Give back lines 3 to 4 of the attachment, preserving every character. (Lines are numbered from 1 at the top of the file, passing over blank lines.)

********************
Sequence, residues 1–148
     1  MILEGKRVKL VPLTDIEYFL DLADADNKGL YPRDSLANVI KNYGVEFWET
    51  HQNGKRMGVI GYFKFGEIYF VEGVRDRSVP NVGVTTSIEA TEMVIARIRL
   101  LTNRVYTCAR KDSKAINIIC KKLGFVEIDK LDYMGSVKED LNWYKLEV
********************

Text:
    51  HQNGKRMGVI GYFKFGEIYF VEGVRDRSVP NVGVTTSIEA TEMVIARIRL
   101  LTNRVYTCAR KDSKAINIIC KKLGFVEIDK LDYMGSVKED LNWYKLEV